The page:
Morality demands no less. If it is wrong to wreck the climate, then it is wrong to profit from the wreckage. And if Norway takes this step, it will reverberate. It won't immediately end climate change; many other strategies are needed. But it will send a powerful message, just as it did a generation ago when many institutions and governments divested their holdings in companies doing business with South Africa's apartheid regime. When Nelson Mandela was finally freed from prison and visited America, his first stop was not the White House: it was California, so he could thank students at the university system who had forced the divestment of $3 billion in stock. We liberated ourselves, he said, but we couldn't have done it without you. It was Mandela's great accomplice, Nobel laureate Desmond Tutu, who helped issue the call for fossil fuel divestment. If you could see the effects of climate change on Africa, he said--the famine, the drought -- then you would know why we ask you to take up this tool once more. Africa burns less than one percent of the planet's fossil fuel; they can't solve this problem by themselves. None of us can. We must work together.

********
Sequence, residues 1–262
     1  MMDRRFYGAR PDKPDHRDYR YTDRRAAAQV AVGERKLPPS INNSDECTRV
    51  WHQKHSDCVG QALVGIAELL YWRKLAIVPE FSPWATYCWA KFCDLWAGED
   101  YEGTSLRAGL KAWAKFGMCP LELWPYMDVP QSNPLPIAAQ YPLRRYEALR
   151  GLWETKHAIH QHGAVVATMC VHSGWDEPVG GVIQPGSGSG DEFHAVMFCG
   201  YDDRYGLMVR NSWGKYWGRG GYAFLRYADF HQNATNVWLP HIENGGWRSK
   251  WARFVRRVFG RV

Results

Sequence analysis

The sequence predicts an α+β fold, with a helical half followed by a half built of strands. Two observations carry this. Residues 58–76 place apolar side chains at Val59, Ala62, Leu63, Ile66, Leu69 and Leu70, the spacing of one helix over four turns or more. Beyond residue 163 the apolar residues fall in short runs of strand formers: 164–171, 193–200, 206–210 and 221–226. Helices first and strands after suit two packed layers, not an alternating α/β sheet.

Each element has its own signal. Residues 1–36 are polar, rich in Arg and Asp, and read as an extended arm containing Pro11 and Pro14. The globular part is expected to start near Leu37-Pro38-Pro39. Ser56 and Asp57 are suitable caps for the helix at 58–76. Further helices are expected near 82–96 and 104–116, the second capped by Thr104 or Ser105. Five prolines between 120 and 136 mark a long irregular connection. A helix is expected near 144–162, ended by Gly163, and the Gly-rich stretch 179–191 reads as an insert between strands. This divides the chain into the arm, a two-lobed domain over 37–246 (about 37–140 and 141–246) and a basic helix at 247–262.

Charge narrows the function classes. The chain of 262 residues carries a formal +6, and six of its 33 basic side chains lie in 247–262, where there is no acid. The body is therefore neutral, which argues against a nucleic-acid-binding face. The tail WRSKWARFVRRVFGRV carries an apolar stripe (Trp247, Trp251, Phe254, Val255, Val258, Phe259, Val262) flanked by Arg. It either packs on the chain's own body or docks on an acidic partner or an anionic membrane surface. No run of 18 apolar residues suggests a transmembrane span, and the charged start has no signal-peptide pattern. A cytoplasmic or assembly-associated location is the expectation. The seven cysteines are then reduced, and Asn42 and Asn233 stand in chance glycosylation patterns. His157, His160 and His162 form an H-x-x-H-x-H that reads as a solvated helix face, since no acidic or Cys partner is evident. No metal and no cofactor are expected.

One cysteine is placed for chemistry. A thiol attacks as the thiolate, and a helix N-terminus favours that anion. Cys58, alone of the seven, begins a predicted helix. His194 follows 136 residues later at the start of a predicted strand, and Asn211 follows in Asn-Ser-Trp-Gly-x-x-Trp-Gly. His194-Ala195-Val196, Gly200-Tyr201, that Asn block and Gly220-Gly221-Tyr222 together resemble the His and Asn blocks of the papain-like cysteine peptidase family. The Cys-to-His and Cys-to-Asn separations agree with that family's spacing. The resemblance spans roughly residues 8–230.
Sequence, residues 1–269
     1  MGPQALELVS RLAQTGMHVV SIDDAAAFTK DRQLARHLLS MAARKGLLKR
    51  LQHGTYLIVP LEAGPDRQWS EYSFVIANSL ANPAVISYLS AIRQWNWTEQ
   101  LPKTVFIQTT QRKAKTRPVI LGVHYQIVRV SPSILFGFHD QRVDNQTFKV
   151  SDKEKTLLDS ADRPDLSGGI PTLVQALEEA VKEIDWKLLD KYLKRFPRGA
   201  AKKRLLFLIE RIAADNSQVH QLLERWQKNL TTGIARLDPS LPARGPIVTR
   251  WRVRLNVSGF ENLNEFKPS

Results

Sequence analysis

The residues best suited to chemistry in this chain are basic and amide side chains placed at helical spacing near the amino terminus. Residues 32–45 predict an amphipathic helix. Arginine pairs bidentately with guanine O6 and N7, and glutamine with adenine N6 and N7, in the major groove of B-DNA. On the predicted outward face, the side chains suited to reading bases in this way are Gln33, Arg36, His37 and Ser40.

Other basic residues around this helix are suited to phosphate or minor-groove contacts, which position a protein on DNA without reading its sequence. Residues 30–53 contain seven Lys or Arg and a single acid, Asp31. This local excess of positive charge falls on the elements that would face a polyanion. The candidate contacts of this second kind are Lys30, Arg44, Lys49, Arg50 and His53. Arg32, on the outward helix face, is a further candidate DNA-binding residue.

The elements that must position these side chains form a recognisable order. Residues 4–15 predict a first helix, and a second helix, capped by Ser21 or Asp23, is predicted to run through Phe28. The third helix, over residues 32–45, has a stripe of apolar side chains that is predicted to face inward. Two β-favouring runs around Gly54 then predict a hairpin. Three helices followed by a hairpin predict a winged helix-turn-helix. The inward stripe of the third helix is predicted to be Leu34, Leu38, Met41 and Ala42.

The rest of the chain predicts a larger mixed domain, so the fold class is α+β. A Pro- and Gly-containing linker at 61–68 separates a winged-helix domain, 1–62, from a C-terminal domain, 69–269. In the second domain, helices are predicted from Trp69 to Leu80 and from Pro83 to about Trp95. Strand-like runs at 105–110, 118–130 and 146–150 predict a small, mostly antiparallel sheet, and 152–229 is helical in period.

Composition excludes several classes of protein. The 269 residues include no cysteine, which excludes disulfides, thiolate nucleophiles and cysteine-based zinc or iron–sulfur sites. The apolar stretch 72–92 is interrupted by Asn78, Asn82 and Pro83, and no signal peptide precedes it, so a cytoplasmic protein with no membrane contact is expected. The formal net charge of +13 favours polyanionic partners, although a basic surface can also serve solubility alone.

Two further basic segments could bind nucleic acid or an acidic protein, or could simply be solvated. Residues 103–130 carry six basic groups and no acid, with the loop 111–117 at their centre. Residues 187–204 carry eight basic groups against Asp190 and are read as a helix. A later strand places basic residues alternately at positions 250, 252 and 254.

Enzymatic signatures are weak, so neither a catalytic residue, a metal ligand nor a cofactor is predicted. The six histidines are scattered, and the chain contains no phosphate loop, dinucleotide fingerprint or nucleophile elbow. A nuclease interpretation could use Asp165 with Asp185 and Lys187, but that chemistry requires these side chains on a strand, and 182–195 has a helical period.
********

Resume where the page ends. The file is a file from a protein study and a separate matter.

In this case, the working together will be of benefit to everyone. The Oil Fund invests perhaps ten percent of its holdings in the fossil fuel industry. This is a bad idea because the Norwegian economy is already too dependent on oil. It's also a bad idea because, if the world ever takes global warming seriously, those investments will plummet in value. HSBC estimated earlier this year that if the planet tried to meet its 2 degrees temperature target, you'd have to cut the valuations of fossil fuel companies in half. Just last week the heads of some of the planet's largest pension funds wrote the fossil fuel companies asking them how they can justify their continued investment given those numbers.

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Bill McKibben is the author of a dozen books, including The End of Nature and Deep Economy: The Wealth of Communities and the Durable Future. A former staff writer for The New Yorker, he writes regularly for Harper's, The Atlantic Monthly, and The (more...)
 

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"How to win the change we need, if reason alone wi... by R. A. Landbeck on Wednesday, Oct 30, 2013 at 7:13:50 AM
Here's the thing. The Earth will do what it will, ... by molly cruz on Wednesday, Oct 30, 2013 at 12:15:18 PM